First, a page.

USS MIAMI was the fifth of the 23 improved LOS ANGELES - class attack submarines and the third ship in the Navy named after the city in Florida. On May 23, 2012, the MIAMI suffered a major fire while dry-docked at the Portsmouth Naval Shipyard, Kittery, Maine. Caused by arson, the fire caused $700 million damage to the submarine, forcing the Navy to retire the MIAMI in a time of budget cuts. On June 12, 2015, the MIAMI left Kittery under tow heading for the Puget Sound Naval Shipyard, Bremerton, Wash., where the submarine will be scrapped.
|General Characteristics:||Awarded: November 28, 1983|
|Keel Laid: October 24, 1986|
|Launched: November 12, 1988|
|Commissioned: June 30, 1990|
|Inactivated: September 27, 2013|
|Decommissioned: December 3, 2014|
|Builder: Electric Boat Division of General Dynamics Corporation, Groton, CT|
|Propulsion system: one nuclear reactor|
|Length: 360 feet (109.73 meters)|
|Beam: 33 feet (10 meters)|
|Draft: 32,15 feet (9.8 meters)|
|Displacement: Surfaced: approx. 6,255 tons|
|Submerged: approx. 7,102 tons|
|Speed: Surfaced: approx. 15 knots|
|Submerged: approx. 32 knots|
|Cost: approx. $900 million|
|Crew: 12 Officers, 115 Enlisted|
This section contains the names of sailors who served aboard USS MIAMI. It is no official listing but contains the names of sailors who submitted their information.
Accidents aboard USS MIAMI:
|May 24, 2012||Portsmouth Naval Shipyard, Kittery, Maine||A fire breaks out aboard USS MIAMI while the submarine is dry-docked at the Portsmouth Naval Shipyard for a 20-month engineered overhaul and modernization period. The fire started in the forward compartment at approx. 5.45 pm on May 24 and was extinguished the next morning at 3.30 am. MIAMI's reactor wasn't operating at the time and was not affected by the fire and no weapons were aboard. A shipyard spokesman reported that seven people received minor injuries. They were treated in a nearby medical facility and were released shortly afterwards. Initial findings indicated the fire started in a vacuum cleaner used to clean worksites at the end of shift, and stored in an unoccupied space.|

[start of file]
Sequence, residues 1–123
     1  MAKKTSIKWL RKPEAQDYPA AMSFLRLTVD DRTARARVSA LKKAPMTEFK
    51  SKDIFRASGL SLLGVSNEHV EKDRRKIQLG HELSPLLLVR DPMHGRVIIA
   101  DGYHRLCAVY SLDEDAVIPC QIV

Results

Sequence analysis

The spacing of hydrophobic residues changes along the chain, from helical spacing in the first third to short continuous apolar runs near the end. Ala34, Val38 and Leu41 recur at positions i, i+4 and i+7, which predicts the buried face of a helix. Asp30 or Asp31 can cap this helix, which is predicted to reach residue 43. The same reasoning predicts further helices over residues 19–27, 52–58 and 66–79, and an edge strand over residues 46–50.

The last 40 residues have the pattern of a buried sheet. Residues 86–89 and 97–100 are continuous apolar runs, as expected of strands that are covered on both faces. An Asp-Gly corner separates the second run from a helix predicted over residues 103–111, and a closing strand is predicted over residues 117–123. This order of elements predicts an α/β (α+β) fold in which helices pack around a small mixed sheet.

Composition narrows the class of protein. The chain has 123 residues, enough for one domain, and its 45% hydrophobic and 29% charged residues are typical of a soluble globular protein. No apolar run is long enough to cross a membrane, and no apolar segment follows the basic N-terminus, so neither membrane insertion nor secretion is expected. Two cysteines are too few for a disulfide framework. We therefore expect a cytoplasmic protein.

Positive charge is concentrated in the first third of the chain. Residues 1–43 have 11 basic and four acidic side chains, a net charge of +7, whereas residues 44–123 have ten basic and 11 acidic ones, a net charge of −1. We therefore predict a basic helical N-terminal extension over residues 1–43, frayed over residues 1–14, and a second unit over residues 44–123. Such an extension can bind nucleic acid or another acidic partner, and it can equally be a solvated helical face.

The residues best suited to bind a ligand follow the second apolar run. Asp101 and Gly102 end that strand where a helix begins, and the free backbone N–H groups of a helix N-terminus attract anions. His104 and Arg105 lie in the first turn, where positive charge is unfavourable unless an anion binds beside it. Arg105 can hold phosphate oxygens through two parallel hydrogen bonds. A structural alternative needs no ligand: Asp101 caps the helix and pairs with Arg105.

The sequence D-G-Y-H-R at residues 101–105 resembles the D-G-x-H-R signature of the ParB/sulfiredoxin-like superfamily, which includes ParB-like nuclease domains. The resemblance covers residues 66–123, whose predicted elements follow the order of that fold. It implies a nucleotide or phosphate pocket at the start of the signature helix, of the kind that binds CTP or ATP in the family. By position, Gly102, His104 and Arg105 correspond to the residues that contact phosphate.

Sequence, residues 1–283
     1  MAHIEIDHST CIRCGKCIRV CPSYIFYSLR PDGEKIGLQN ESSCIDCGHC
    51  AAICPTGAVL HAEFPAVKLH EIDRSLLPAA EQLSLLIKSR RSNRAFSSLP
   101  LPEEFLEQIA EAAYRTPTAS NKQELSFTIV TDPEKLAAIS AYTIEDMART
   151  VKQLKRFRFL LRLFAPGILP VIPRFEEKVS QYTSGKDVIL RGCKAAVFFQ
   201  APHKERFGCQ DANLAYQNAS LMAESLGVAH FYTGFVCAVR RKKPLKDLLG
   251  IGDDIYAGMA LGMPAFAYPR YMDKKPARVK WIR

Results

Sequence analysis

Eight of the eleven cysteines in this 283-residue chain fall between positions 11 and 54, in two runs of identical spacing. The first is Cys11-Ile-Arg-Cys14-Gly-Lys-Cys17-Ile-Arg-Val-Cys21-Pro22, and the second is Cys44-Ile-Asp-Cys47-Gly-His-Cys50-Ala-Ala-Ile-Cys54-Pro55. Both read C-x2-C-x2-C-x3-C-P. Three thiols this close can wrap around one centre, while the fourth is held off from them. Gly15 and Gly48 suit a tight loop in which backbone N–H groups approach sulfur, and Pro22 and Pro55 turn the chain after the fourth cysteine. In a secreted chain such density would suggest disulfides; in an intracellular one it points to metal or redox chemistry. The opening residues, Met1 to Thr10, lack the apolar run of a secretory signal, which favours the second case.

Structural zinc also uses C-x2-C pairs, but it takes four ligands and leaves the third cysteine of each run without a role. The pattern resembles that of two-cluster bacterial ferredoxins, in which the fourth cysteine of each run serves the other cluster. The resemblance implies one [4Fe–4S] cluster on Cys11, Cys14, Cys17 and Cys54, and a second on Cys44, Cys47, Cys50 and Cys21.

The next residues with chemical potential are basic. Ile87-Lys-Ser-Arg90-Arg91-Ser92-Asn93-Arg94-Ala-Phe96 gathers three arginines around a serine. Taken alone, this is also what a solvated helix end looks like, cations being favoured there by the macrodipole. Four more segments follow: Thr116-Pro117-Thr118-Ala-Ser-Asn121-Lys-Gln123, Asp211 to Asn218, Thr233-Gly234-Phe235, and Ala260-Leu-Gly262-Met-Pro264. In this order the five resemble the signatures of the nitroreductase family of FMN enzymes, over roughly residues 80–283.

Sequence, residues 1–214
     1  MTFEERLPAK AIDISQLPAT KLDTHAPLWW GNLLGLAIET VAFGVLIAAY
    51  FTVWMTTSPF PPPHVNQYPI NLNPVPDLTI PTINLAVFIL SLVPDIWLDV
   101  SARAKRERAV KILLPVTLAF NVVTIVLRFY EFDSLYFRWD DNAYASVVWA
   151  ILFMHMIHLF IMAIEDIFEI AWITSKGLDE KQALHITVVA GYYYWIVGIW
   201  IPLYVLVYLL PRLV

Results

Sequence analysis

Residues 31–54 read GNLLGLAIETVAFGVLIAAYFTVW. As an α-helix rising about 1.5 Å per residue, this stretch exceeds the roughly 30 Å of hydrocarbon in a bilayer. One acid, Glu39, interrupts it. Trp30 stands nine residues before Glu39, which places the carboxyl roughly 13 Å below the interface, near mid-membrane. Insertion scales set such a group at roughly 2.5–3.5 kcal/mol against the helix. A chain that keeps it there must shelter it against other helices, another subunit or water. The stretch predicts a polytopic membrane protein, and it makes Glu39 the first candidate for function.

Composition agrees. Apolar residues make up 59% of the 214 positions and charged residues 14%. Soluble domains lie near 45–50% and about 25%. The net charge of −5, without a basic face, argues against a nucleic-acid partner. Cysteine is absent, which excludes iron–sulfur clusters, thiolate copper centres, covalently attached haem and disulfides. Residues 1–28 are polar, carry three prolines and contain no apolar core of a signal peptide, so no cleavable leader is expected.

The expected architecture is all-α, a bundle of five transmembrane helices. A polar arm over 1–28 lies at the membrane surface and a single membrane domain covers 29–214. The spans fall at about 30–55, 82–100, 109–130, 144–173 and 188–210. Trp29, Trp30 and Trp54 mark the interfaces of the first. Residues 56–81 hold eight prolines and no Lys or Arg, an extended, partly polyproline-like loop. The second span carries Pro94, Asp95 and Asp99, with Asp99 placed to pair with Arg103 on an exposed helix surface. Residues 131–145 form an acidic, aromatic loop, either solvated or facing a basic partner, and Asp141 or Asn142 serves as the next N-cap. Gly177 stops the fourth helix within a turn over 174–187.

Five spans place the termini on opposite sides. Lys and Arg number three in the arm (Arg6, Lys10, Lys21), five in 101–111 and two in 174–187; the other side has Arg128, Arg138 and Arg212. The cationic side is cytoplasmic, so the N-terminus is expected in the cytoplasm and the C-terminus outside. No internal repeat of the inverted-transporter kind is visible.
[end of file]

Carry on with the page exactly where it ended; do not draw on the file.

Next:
On July 23, 2012, a civilian painter and sandblaster working on the MIAMI admitted to setting the fire to get out of work early. On March 15, 2013, he is sentenced to over 17 years in federal prison and ordered to pay $400 million in restitution.
On August 22, 2012, the Navy's estimated cost to restore USS MIAMI is approximately $450 million, with an estimated date of completion for the repairs of April 30, 2015. The estimate included 10 percent variability due to the unique nature of the repair and the cost impacts of shifting the planned maintenance availabilities of other ships and submarines.
On August 6, 2013, the Navy notified Congress it plans to stop repairing the USS MIAMI and inactivate it. In April, they discovered additional cracking on board the submarine and the cost of the repairs increased from an estimated $450 million to $700 million. On September 27, 2013, MIAMI is deactivated.
USS MIAMI Patch Gallery:
USS MIAMI Image Gallery:
The photos below were taken by Michael Jenning and show the decommissioned MIAMI at the Portsmouth Naval Shipyard, Kittery, Me., on May 4, 2015. The submarine is sitting high in the water. The mast on the sail as well as the navigation lights and the installation on the bow are preparations for MIAMI's upcoming tow to the Puget Sound Naval Shipyard, Bremerton, Wash.
The photo below was taken by Michael Jenning and shows the MIAMI laid up at the Puget Sound Naval Shipyard, Bremerton, Wash., on October 13, 2017.